A small business owner was found to have breached his duty of care to take precaution against a foreseeable risk of injury when a warehouse worker suffered an injury while forcefully using a pallet jack in the midst of time pressures.
The defendant employer disputed whether the plaintiff had incurred his injury in the workplace as alleged, whether the injury resulted from a breach of the employer’s duty of care, and whether liability for the injury should be imposed upon the employer as a result.
The defendant employer conducted a business selling chicken feed and chicken feeders in a rented warehouse in Townsville. The plaintiff was employed on a full-time basis, undertaking duties relating to customer service, sales, managing stock, packing orders for dispatch, and warehousing tasks which included the movement and storage of pallets of stock around the warehouse that required him to move the heavy pallets from their point of delivery outside the warehouse to inside for storage. The warehouse was shared with the landlord, who operated a business of hiring out camper trailers which he kept stored in the warehouse.
Initially in the plaintiff’s employment, the movement of pallets was undertaken solely through the operation of a forklift which was owned by the landlord and available to be used by the plaintiff and defendant employer when not in use by him in moving his camper trailers. The defendant employer later acquired a manual pallet jack to assist in the movement of the pallets inside the warehouse.
The plaintiff alleged that on 8 October 2018, in using the pallet jack to move the pallets he suffered a tendon tear of the right quadriceps, resulting in a permanent physical impairment and an adjustment disorder with mixed anxiety and depressed mood. His injury was alleged to be the result of the application of high force to quickly initiate the pallet jack’s movement, which the plaintiff claimed was required in order to meet temporal demands in ensuring he did not obstruct the landlord’s access to the warehouse. The defendant employer was overseas at the material time and there were no witnesses to the events in question.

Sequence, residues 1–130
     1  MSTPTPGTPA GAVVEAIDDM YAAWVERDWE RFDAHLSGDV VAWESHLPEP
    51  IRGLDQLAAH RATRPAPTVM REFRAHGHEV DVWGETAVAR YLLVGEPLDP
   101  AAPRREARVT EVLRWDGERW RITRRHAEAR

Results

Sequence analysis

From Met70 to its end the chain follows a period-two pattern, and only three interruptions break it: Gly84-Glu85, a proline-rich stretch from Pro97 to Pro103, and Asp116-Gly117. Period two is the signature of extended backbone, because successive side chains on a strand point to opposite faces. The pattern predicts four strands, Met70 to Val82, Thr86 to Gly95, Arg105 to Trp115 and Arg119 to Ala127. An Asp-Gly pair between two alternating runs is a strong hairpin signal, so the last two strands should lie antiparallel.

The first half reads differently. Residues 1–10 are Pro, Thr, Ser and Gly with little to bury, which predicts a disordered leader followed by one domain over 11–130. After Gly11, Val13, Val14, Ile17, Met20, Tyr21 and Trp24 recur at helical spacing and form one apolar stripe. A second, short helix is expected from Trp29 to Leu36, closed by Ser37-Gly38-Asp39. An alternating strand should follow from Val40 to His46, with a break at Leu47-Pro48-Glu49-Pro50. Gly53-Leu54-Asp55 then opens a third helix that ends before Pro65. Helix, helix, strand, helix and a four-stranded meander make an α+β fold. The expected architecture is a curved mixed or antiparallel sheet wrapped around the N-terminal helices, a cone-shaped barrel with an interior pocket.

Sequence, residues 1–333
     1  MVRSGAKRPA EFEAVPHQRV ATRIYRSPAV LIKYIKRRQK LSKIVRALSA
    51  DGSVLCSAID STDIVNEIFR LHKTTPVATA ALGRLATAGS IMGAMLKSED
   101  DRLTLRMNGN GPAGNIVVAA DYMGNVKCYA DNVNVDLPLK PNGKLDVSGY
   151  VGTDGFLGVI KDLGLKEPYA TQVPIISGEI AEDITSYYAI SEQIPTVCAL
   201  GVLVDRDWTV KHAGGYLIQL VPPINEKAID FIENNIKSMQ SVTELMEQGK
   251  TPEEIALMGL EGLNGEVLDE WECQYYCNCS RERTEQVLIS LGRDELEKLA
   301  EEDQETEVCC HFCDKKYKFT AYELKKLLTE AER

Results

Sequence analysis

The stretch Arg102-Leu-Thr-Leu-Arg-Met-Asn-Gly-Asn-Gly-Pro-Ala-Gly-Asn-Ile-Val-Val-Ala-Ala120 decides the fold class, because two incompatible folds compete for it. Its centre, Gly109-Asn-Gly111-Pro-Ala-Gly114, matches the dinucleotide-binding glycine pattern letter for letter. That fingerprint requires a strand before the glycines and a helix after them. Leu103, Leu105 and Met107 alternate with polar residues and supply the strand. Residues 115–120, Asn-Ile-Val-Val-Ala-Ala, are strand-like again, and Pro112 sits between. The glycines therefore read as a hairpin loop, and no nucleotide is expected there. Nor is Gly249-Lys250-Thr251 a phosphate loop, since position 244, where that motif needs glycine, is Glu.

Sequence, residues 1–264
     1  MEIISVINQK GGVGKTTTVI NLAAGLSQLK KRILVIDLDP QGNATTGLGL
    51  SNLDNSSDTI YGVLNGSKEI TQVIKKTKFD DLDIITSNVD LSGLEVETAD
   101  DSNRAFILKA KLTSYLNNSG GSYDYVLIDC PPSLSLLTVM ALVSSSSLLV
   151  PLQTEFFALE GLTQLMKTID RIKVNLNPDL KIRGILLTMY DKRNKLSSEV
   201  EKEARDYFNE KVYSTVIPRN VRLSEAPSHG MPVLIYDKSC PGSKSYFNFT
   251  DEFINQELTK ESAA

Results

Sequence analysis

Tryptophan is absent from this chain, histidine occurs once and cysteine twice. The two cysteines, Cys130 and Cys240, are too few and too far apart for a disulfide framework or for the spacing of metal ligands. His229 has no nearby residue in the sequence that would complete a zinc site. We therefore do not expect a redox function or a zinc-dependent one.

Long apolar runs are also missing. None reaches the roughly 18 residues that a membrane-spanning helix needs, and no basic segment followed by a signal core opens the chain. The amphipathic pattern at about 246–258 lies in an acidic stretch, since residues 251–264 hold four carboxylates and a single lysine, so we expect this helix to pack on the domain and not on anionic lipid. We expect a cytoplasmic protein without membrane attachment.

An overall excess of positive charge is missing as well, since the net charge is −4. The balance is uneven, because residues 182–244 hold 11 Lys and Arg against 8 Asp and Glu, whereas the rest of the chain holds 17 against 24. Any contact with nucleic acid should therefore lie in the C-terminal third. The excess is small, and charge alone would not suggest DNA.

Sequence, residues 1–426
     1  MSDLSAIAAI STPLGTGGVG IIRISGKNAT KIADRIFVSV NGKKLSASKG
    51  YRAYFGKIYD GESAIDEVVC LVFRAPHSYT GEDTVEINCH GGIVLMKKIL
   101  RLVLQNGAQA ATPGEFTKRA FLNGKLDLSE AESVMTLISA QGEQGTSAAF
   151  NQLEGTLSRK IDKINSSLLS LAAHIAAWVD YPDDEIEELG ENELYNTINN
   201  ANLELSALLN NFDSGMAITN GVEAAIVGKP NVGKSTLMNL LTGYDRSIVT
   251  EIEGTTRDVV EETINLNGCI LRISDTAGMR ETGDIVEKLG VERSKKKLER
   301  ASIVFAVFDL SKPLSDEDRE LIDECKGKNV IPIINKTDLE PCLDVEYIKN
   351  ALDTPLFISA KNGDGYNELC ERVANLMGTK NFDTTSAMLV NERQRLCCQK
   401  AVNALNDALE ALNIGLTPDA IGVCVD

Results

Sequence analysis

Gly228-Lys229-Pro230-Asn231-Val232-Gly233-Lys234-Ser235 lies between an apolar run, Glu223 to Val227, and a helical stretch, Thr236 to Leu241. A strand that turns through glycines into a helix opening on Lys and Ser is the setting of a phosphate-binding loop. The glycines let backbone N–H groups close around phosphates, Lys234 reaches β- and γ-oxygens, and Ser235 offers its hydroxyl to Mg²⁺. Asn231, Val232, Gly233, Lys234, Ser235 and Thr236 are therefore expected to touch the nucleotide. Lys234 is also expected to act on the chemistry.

In dispute of the plaintiff’s case, the defendant employer argued that even if the plaintiff’s injury had been caused by the work-related events, it may be explained as an aggravation of pre-existing tendinopathy and may have also been caused by the comparatively low strain activity of getting in and out of the forklift.
There was no evidence the defendant employer had undertaken any risk assessment, nor implemented any relevant system of workplace safety. To that end, the defendant employer testified that he was of the belief the plaintiff knew how to use a pallet jack on the basis of discussions regarding the plaintiff’s use of one in previous employment.
The decision at trial
Henry J found in favour of the plaintiff as to the circumstances of his ill-fated and unwittingly unsafe use of significant force in moving the pallets. While Henry J accepted the injury may have been aggravated by work tasks subsequently performed by the plaintiff, he considered the injury was caused by the application of high force when initiating the movement of heavily laden pallets with the pallet jack.
It was also determined that a reasonable employer would have apprehended that the pallet jack was an item of plant which, if pulled or pushed with high force to move laden pallets, could potentially cause a musculoskeletal injury. Accordingly, Henry J considered that a reasonable employer would be prompted to carry out a risk assessment to identify what manner of use of the pallet jack may pose a risk of musculoskeletal injury to the operator.